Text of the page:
This year, and last year also, Harper's
ran a set of microfictions by Diane Williams.
is one of—what? Two? Three wide-circulation glossies still
publishing fiction in every issue? And they elect to run
I'm officially astonished by this.
Ten years ago, I wrote page-length fictions in the same way I've always
taken photographs—just for my own pleasure. I never
considered sending them to journals. I wouldn't have known what to call
them if I had.
And now Harper's
is running very short fiction.
Do you see what I mean?
Change can escape notice in different ways. It can happen too slowly.
Or it can happen too quickly to be believed.
Q: So this is boomtime for vsf?
A: I'm going with yes.
Q: How so?
A: By my count, more than eighty web journals are represented in the
Long Shortlist this year. And in the Wigleaf Top 50 itself, stories
from thirty-nine different journals appear. These are both records.
Q: Boomtime in terms of the number of markets then…
A: More markets means two things. If the total number of readers stayed
the same, it would mean that the pie would have to be split more
thinly. But I see more markets as drawing more readers for
vsf—both on the internet and in general.
Q: You said "two things."
A: I also see the rise in the number of internet markets for vsf as
encouraging more diversity of approach. And when you consider that vsf,
as a narrative genre, is already probably the youngest and least set in
terms of its conventions, what you have is a real openness.
Q: "Real," you say. Why not "forbidding"? Don't readers need to know
what to expect before they can properly appreciate something?
A: Well, I think that a good number of readers of vsf may be looking
for something new. And I think that the writers—in this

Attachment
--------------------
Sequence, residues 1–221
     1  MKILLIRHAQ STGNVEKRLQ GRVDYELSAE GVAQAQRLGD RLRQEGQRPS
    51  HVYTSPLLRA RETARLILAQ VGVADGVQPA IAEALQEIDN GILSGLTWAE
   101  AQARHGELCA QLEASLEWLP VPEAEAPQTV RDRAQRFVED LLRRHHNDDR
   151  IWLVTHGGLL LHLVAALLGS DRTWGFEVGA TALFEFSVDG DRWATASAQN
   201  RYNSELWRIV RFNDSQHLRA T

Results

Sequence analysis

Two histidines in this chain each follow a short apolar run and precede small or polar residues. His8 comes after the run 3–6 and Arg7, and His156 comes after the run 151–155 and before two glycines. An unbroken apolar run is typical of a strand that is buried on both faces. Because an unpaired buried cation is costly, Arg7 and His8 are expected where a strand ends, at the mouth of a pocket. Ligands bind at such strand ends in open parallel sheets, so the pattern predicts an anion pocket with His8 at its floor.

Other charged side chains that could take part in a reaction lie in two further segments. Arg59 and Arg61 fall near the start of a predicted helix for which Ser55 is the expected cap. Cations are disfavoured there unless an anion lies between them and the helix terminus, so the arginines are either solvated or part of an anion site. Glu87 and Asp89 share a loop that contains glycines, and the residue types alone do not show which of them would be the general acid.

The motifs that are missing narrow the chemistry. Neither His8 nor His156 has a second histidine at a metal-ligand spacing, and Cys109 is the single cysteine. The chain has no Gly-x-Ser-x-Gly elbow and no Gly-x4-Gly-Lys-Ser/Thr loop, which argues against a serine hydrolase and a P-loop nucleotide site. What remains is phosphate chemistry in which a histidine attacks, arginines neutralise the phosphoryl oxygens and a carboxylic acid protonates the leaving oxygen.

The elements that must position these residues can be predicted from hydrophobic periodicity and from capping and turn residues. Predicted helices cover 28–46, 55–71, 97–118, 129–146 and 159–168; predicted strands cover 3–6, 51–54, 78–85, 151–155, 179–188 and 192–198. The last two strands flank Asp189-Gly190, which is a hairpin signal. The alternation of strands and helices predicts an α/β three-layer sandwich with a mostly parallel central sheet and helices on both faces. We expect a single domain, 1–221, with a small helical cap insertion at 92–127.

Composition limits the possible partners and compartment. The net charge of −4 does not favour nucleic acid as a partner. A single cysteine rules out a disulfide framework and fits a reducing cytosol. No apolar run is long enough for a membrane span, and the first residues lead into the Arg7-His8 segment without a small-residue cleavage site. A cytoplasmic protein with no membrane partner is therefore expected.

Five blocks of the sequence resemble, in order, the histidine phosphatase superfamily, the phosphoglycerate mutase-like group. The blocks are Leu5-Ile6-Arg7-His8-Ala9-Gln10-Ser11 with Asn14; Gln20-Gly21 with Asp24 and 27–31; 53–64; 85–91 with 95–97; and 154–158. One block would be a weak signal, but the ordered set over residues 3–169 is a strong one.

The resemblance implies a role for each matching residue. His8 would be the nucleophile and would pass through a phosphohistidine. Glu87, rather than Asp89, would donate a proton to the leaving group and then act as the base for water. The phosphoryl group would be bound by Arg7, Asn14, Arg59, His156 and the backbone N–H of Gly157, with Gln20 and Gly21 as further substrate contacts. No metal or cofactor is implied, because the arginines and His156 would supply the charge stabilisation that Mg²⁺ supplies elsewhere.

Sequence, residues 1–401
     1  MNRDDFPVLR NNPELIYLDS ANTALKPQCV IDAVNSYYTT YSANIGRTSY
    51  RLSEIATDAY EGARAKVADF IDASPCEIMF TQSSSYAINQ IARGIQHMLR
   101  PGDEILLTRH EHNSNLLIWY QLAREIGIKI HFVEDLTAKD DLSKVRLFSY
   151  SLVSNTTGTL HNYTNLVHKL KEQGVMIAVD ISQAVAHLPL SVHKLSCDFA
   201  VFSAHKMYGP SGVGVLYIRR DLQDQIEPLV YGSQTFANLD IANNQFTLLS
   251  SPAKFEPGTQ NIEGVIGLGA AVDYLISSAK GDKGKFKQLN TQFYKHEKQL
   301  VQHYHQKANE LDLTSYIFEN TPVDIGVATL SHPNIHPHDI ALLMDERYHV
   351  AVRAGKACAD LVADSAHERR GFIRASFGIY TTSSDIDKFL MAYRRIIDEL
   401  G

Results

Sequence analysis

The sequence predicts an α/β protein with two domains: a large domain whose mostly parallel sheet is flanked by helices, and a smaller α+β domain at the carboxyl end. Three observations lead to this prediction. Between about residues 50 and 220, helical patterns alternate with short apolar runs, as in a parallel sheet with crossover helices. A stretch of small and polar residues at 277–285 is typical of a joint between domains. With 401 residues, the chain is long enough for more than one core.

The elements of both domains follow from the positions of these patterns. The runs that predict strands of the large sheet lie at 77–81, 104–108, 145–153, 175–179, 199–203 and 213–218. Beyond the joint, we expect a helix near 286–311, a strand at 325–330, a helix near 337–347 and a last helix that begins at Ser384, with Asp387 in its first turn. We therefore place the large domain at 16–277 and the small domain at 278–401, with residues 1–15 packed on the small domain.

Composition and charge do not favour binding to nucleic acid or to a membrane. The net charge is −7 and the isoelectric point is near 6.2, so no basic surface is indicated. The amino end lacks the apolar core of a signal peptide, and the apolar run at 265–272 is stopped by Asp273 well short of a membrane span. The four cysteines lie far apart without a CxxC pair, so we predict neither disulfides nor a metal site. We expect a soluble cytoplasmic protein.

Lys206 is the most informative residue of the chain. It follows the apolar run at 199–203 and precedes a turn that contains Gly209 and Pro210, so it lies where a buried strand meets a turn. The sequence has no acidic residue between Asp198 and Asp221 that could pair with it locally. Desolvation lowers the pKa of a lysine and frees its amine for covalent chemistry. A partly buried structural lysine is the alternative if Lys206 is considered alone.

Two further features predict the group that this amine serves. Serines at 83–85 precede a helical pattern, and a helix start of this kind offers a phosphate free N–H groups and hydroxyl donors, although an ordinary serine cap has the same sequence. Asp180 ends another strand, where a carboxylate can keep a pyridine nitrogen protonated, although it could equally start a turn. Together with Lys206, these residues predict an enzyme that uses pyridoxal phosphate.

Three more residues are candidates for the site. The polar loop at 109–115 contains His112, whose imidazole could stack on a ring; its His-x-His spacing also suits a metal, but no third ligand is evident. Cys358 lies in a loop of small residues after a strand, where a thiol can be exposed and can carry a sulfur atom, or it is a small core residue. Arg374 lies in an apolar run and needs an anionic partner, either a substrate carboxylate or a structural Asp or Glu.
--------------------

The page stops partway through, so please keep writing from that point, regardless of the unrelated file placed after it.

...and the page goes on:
year's Wigleaf Top 50, for example—are happy to try to
provide that. If you look up their bios, you'll see that many of them
are practiced and credentialed, which is often the case in an award
annual. But they're not coasting. They're trying new stuff.
Q: How can you know?
A: I'm making the argument. I'm doing that because I've seen writers
responding to the immediacy that the web offers. Writers here read each
other, mostly. They spur and embolden each other. This is another facet
of the boom.
Q: All this emphasis on the new. What about the old? What about story?
A: Isn't it an adage by this point?—All great writing is new
somehow. And if you want story, start reading. Go to the links. If you
want music, design, news of the blood. Go. It's all there.
Three necessary acknowledgements:
I'm grateful to Lisa Lim, for her artwork on the main page (and for
putting me into retirement as a designer of graphics).
I'm grateful to our Associate Series Editor, Ravi Mangla, who shared
the work of the reading and helped make the Long Shortlist great in its
And I'm grateful to Brian Evenson, who took on this project
despite having other commitments which likely served as a good argument
against it, and who, in his selections, has made something that readers
are going to want to return to.
This year's word on eligibility: the Wigleaf Top 50 are chosen from a
Long Shortlist of 200 stories. Stories have to be at or under 1000
words to be eligible, and must have been posted sometime during the
previous calendar year. Stories in blogzines are not considered (unless
the blog is part of a larger journal with external hosting). Reprints
are not considered. Stories appearing in journals based outside the
U.S. are not considered (unless that journal's billing is explicitly
international). Stories that are not published and/or archived in HTML
are not considered. Stories without unique HTML urls are not
considered, unless they are part of sets by the same author. And
stories written by Wigleaf editors or appearing in Wigleaf itself are
not considered. If you're an editor and want to make sure that your
mag's vsf is considered for the next Wigleaf Top 50, please shoot us an
Scott Garson is the author of American Gymnopédies and the editor of Wigleaf.
To link to this directly: http://wigleaf.com/10top50foreword.htm
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